Sign In | Create an Account | Welcome, . My Account | Logout | Subscribe | Submit News | About Us | Terms of Service | Home RSS


‘It was the nicest barn in the neighborhood’

November 20, 2009
By CLAYTON RYE/Farm News staff writer

Barn rebuilt for dairy after 1938 fire

KANAWHA - Paul Assink, a retired teacher living near Chicago, remembers having supper one evening on his family farm near this southwest Hancock County community when he was eight years old. The phone rang. It was a neighbor calling with a simple message. "I believe your barn is on fire."

The family looked out the window and the barn was on fire. They quickly ran to save the cattle and horses in the barn and about 30 minutes later the roof collapsed. The fire started by spontaneous combustion from hay that had not dried completely before being put in the barn.

Article Photos

David and Nancy Litch secure a barn quilt onto the barn they purchased for their Hancock County home. The barn was moved about a mile from Wright County in December 2008.

Ed Assink, Paul Assink's father, rebuilt the barn in 1938 on its original foundation using the $2,000 insurance money. It was built for dairy with pens for horses. It was designed with stanchions for 16 cattle, eight to a side.

When finished, Paul Assink said, "It was the nicest barn in the neighborhood."

Paul Assink recalled that before the first hay went in, the four Assink children used the hay mow as a roller skating rink.

Paul's brother, Henry Assink, remained on the farm continuing to dairy and raising his family of four daughters. Lois VanDusseldorp, of Platte, S.D., was the oldest daughter. She said that since there were no sons, the girls were expected to help with farm chores that centered on the barn.

Growing up in the 1950s and 1960s, Lois said the girls' job during milking was to carry five-gallon pails of milk to the milk cans. Later, they emptied their pails into a bulk tank because Henry Assink never installed a milk line.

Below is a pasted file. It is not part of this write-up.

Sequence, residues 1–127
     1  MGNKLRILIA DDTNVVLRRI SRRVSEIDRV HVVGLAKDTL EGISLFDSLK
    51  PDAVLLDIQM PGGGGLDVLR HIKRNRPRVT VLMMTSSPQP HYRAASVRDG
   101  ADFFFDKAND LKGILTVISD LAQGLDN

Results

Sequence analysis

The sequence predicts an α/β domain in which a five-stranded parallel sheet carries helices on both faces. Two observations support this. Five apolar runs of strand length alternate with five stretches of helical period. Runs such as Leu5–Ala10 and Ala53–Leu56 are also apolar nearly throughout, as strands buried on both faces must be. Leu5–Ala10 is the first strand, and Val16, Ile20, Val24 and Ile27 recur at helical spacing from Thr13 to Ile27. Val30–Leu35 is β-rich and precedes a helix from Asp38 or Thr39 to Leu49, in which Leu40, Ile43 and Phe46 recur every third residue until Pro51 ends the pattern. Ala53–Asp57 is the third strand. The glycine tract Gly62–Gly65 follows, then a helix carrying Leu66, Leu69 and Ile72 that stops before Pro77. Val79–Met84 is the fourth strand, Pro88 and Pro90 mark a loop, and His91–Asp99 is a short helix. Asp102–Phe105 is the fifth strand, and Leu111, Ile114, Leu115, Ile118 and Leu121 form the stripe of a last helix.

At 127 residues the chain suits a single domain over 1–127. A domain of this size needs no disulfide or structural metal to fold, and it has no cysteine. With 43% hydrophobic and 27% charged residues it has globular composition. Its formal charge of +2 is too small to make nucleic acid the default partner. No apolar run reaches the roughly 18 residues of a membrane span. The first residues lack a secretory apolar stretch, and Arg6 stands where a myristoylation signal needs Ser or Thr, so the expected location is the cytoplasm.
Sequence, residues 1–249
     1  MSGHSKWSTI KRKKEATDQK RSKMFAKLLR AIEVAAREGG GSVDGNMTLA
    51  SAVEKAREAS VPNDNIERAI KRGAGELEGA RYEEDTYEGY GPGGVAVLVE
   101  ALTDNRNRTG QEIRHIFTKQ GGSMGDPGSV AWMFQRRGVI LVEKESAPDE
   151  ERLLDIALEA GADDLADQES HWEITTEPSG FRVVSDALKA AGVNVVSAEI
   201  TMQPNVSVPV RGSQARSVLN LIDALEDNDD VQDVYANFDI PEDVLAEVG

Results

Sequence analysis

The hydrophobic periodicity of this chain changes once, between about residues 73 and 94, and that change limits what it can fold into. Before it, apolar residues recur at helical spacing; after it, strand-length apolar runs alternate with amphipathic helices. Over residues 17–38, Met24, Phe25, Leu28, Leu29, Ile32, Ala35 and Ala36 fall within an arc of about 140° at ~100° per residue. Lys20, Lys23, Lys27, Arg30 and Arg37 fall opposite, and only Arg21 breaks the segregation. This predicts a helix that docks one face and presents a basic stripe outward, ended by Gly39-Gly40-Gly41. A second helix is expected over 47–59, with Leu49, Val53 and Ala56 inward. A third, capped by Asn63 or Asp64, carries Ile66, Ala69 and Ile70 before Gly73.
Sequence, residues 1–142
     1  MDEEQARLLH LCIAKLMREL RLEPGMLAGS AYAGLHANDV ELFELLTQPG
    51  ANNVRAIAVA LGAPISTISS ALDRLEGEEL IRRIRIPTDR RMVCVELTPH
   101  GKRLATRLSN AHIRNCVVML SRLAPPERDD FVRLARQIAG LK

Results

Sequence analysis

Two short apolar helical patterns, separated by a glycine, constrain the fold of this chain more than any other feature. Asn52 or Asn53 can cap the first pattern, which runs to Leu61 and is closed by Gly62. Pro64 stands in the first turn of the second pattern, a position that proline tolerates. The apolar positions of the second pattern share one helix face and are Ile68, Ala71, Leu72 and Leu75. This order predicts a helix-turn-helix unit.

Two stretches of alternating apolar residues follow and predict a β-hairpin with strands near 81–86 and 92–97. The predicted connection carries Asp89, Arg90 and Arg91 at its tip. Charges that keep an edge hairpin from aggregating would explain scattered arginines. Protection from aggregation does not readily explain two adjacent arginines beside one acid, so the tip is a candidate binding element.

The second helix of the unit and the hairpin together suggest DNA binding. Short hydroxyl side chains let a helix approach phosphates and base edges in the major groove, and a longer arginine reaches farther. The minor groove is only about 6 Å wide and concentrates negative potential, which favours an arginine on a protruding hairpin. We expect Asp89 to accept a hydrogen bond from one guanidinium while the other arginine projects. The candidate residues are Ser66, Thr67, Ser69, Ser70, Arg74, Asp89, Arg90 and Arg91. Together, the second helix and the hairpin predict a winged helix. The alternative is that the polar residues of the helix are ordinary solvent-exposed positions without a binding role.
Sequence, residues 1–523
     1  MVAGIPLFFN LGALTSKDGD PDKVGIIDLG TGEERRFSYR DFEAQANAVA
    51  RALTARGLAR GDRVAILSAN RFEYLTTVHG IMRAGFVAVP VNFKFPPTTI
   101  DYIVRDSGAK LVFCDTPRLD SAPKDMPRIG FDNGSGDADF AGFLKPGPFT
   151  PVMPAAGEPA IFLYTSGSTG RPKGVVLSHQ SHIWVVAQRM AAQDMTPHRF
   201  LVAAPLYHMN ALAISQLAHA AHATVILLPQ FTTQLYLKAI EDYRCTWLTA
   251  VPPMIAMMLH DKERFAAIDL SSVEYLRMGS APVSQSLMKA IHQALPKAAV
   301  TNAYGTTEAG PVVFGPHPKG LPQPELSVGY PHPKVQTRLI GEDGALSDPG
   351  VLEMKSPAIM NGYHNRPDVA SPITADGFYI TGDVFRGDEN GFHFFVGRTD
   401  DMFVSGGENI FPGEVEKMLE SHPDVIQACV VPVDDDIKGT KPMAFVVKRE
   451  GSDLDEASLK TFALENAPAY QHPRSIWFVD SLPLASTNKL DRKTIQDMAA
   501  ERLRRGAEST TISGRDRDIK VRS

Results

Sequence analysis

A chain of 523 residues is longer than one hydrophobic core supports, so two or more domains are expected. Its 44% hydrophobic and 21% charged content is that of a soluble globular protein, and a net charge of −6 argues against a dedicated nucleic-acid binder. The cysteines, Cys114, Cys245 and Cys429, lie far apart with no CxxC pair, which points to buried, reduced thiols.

VanDusseldorp and her sisters helped with haying, having to pull the rope that raised the bales back to its starting position after a tractor had pulled a load of bales up to the mow. They carried feed from where it was stored while keeping watch for any mice that lived in the feed room. They turned off the cattle waterers during the winter to keep them from freezing.

The girls looked for newborn kittens in the mangers in the cattle pens. They swung from the rope in the hay mow and jumped from a platform landing on the loose hay below.

The Assinks stayed in the dairy business until 1975 with Henry Assink sometimes milking as many as 22 cows in the barn. Sue Helling, another of Assink's daughters, and her husband John Helling, became owners of the barn.

The barn sat unused until last December when it was moved a mile where it was located in Wright County across the county line into Hancock County to assume a new life on property owned by David and Nancy Litch.

The Litch's moved to Kanawha in 2003 from Florissant, Colo., near Pike's Peak planting hundreds of grapevines on land bought around 1875 by David Wentch. Wentch is Nancy Litch's great-great-great grandfather.

In 2001, the Litch's bought a former bank building in Kanawha and traveled for two years between Colorado and Iowa renovating the building for their business as a winery. Nancy Litch said that until the barn was moved to their property there was no protection from weather as all that remains from a former farmstead are the grain bins.

Plans for the barn are to serve as storage for equipment. One-third of it will be a room for classes, with a break room and a kitchen area, plus a restroom. Visitors will be encouraged to stop at the barn for a view of the grape arbors and activities, The Litches said

Contact Clayton Rye by e-mail at



I am looking for:
News, Blogs & Events Web